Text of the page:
Removal of ban from seafood exports: no serious effort towards successfully persuading EU
December 18, 2012
Neither the present government made diplomatic efforts to convince the EU to remove its ban from Pakistan’s seafood imports, nor it implemented the union’s specifications at fish harbour, despite it spanned over four years in office, sources said on Monday.
During the rule of former military chief, General Pervez Musharraf (Retd), the EU slapped Pakistan with an indefinite ban, by de-listing the country’s 11 seafood exporting companies on the basis of poor fisheries management. The ban struck the country’s fisheries exporting sector in April 2007. Since onwards, the poor fisheries management continues at the country’s largest harbour, as political intermingling plagued the process through which the country had to get rid of the ban.
“Fish and shrimp are thrown on floor of the auction hall without cold chain maintenance, red spits of paan are obvious there while seafood is handled improperly,” fisheries sources told Business Recorder on Monday. Whereas, Karachi Fish Harbour Authority (KFHA) showed reluctance to play its role despite it is the official “owner” of the country’s largest fish harbour that exports over $300 million seafood world-wide, except Europe.
“There is only primary reason which disallows KFHA to act what the law of the harbour demands from it,” said the officials, blaming “the persistent political interference behind the poor condition of harbour”. Pakistan’s shrimp exports to the EU were about $50 million a year when its key 11 seafood exporting companies came under the ban in 2007, according to the Marine Fisheries Department.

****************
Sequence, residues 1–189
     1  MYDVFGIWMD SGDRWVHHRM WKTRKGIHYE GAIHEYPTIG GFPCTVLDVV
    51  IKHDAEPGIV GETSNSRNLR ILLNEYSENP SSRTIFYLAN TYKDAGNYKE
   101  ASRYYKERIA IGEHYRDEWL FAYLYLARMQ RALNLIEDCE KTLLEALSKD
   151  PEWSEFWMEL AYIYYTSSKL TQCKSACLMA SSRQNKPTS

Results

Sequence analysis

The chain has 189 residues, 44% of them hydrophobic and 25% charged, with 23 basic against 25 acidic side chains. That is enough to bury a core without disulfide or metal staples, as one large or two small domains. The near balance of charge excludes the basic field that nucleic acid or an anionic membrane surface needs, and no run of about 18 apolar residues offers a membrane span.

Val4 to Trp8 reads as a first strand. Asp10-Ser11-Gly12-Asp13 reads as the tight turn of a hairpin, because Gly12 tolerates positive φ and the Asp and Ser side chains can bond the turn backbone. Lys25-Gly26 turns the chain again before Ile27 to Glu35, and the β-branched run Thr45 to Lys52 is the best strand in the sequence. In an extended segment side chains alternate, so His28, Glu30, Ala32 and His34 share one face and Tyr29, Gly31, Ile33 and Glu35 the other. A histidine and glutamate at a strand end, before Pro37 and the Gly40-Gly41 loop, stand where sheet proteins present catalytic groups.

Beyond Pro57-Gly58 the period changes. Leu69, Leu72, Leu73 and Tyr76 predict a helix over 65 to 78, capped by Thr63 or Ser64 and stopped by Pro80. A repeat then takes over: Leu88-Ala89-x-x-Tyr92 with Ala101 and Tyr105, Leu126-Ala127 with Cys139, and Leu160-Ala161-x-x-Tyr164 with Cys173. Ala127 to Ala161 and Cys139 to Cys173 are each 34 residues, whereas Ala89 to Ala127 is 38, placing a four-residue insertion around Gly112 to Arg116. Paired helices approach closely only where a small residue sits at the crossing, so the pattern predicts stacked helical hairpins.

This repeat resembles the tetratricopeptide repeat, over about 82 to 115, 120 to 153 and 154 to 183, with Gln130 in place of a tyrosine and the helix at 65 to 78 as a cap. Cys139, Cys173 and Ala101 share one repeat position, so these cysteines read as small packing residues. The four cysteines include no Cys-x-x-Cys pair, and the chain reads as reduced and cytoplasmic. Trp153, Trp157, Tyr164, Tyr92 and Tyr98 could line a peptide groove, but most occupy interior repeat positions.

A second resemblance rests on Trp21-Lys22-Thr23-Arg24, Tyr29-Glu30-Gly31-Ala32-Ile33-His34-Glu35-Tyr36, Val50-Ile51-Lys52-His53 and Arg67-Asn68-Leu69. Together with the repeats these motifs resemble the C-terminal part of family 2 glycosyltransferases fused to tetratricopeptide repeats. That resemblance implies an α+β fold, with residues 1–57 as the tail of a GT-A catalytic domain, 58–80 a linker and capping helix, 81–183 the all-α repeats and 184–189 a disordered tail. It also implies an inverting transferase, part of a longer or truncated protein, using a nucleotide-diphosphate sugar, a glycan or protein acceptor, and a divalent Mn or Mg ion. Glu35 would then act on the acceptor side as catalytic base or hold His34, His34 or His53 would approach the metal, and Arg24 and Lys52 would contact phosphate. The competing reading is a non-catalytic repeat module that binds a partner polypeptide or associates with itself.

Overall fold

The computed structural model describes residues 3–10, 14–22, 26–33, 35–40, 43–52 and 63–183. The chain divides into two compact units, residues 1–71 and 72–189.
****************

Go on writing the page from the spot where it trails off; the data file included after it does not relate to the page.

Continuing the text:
The ban has nearly grown into sixth year while many stakeholders are still unsure whether the government has ever exerted efforts to streamline affairs at home and convince the Europeans of its seafood quality maintenance. KFHA still blames Fishermen Co-operative Society (FCS) for the all the mismanagement at harbour, says “landing and handling of seafood is the primary responsibility of the FCS”.
“The authority has spent at least Rs 250 million to provide plastic crates, stainless hydraulic trolleys, forklifts, insulated plastic containers and plastic baskets,” it says, adding that these were the basic provisions through which seafood handling could be improved. “The FCS is looking into all affairs and it has constituted different committees to regulate the harbour and stop the financial leakages,” said Director FCS, Asif Bhatti.
The KFHA shrugged off its responsibility to regulate affairs inside the red-zone of the harbour, saying “the sensitive area which includes seafood landing jetties and auction hall falls under the FCS management”. Sources believe neither the present nor the past governments have ever made “serious” efforts to remove the ban, which is like a “stigma” on the country’s seafood exporting sector. The ban also deprives Pakistan of valuable foreign exchange every year, they said.
Asif Bhatti said the newly elected body of FCS has just assumed powers and will soon it will undertake the job to ensure safe and proper landing of seafood at the harbour. He, however, insisted on sharing the blame with MFD and KFHA. “The harbour’s affairs are handled by the FCS, KFHA and MFD and all are responsible for their roles,” he said, adding that “the FCS cannot be singled out for all mismanagement”. “We should be able to show efficiency no matter EU’s inspectors visit the harbour or not,” he said, adding that it is badly needed to improve the exporting sector capacity and credibility through a better management.